Part I of this book considers, through a history of judicial review, how the public gradually came to accept the court’s decisions as authoritative. Distinct chapters offer concise and good explorations of key cases in that history, from Marbury v. Madison to Bush v. Gore, along with the political difficulties these cases and decisions posed.

Part II develops the argument that the court should “recognize and respect the roles of other governmental institutions—Congress, the president, executive branch administrators, the states, other courts—and it should take account of the experience of each.” This will help the court maintain the public trust it has acquired. Breyer examines relations between the court and each of these institutions in turn. The chapter that considers administrative agency rulemaking is especially good—not surprising, given the author’s academic specialty. Breyer also argues that in weighing the merits of stability versus change as the court confronts its own past decisions, stability is frequently the wiser choice.

Part III offers an argument about how the court preserves permanent constitutional values and principles regarding individual rights and liberties while confronting other governmental institutions. Special interpretive tools he endorses for determining where and how to apply rights-safeguarding provisions are the use of values, “the constitutional analogue of statutory purposes” and proportionality, or balancing, “when a statute restricts one constitutionally protected interest in order to further some other comparably important interest.” What follows are interesting discussions about Breyer’s view on the recent Second Amendment cases, national security issues as seen through a re-examination of the World War II Japanese relocation cases, and considerations about presidential power and accountability through consideration of the post-2001 Guantánamo Bay detention cases.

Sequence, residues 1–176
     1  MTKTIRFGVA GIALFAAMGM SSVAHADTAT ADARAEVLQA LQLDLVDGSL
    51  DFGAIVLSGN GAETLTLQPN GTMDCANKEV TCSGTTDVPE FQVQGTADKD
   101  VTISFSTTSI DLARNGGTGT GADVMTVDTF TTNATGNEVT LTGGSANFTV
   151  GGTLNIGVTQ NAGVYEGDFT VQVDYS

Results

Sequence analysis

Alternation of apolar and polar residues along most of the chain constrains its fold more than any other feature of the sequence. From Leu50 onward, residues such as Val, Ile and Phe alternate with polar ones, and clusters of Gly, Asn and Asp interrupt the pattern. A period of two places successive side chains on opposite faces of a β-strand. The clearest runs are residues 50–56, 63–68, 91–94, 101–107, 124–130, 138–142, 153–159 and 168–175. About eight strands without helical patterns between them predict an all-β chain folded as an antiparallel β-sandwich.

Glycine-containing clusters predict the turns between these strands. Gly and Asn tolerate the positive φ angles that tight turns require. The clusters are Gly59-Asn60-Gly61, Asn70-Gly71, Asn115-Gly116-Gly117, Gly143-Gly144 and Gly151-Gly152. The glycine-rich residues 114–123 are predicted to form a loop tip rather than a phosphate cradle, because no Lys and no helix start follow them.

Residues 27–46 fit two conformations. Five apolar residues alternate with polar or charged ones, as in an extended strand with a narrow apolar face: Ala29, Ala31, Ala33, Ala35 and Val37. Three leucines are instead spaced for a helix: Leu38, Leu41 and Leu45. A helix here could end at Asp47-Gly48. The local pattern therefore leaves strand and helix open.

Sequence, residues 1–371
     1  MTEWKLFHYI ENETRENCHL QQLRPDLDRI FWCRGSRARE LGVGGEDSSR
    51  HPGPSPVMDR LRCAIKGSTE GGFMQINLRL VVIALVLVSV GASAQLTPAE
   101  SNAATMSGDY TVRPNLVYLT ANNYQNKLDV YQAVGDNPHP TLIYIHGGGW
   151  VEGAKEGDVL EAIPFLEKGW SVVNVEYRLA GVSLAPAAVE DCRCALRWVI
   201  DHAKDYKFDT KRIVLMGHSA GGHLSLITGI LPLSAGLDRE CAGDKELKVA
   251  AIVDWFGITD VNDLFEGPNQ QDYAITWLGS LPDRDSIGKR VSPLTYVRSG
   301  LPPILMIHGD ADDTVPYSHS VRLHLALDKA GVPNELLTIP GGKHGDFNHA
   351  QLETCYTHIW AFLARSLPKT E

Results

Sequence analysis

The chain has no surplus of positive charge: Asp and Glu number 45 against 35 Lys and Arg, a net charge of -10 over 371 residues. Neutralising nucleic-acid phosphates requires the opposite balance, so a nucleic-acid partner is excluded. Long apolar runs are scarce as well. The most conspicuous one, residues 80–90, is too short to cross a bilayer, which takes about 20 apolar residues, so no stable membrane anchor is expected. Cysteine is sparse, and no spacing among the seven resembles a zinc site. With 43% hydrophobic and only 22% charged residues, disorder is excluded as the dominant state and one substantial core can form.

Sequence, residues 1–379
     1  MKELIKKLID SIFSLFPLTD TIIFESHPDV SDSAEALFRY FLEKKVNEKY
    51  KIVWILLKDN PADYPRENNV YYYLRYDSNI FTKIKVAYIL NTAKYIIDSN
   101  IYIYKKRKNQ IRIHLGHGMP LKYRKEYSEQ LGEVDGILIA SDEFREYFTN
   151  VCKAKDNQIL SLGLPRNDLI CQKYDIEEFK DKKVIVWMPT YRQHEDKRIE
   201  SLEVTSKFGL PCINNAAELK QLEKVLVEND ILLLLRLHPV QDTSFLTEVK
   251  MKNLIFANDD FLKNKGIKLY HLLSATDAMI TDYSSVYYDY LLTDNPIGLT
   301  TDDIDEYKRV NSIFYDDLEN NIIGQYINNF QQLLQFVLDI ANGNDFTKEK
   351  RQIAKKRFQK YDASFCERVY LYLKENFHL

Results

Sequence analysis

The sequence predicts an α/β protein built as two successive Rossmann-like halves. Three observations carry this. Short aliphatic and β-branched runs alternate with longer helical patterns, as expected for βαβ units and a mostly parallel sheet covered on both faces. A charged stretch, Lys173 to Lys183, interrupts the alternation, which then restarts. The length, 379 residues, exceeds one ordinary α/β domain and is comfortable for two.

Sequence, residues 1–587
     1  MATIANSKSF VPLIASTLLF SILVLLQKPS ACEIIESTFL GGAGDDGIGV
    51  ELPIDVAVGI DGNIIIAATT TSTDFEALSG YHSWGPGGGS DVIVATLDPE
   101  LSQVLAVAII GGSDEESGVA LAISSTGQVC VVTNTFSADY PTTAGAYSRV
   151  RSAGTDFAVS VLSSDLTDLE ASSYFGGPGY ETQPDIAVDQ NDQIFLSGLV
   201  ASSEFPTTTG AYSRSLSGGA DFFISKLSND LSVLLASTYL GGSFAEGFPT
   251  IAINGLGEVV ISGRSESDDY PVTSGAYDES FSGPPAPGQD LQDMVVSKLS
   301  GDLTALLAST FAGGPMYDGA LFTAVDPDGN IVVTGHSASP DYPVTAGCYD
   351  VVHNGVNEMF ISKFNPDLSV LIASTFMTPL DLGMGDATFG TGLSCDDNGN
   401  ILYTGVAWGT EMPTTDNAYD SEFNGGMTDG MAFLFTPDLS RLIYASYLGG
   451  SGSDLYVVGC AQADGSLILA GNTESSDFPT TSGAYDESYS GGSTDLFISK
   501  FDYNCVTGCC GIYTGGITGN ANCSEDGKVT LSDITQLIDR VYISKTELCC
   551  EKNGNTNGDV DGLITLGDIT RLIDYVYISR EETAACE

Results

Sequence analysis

In claiming that “in fits and starts, the Supreme Court came to be accepted and trusted as a guardian of the Constitution,” Breyer may believe the court has more power to be the final arbiter of constitutional disputes than a good number of contemporary scholars of law and courts believe it has. Certain chapters, such as the one on Korematsu and Japanese internment, do make clear that the court is not always the final word on constitutional meaning. In Justice Breyer’s world, the court patrols constitutional boundaries. In his view, Congress (and the court) have done a good job “to protect the states from federal efforts to accrue power at their expense.” Conservatives might well disagree. Readers might well ask whether, in a highly polarized political climate, Breyer defines the people as those parts of the public who agree with him.

Justice Breyer’s writing is lively and engaging. It is extremely accessible and assumes no prior knowledge of the Supreme Court as an institution or of its major decisions. A reader who is not well read on the Supreme Court is likely to be richly rewarded for reading Making Our Democracy Work. While this book does not break new ground, it is a fine read and should encourage thoughtful reflection and discussion.

Carol Nackenoff is a professor of political science at Swarthmore College.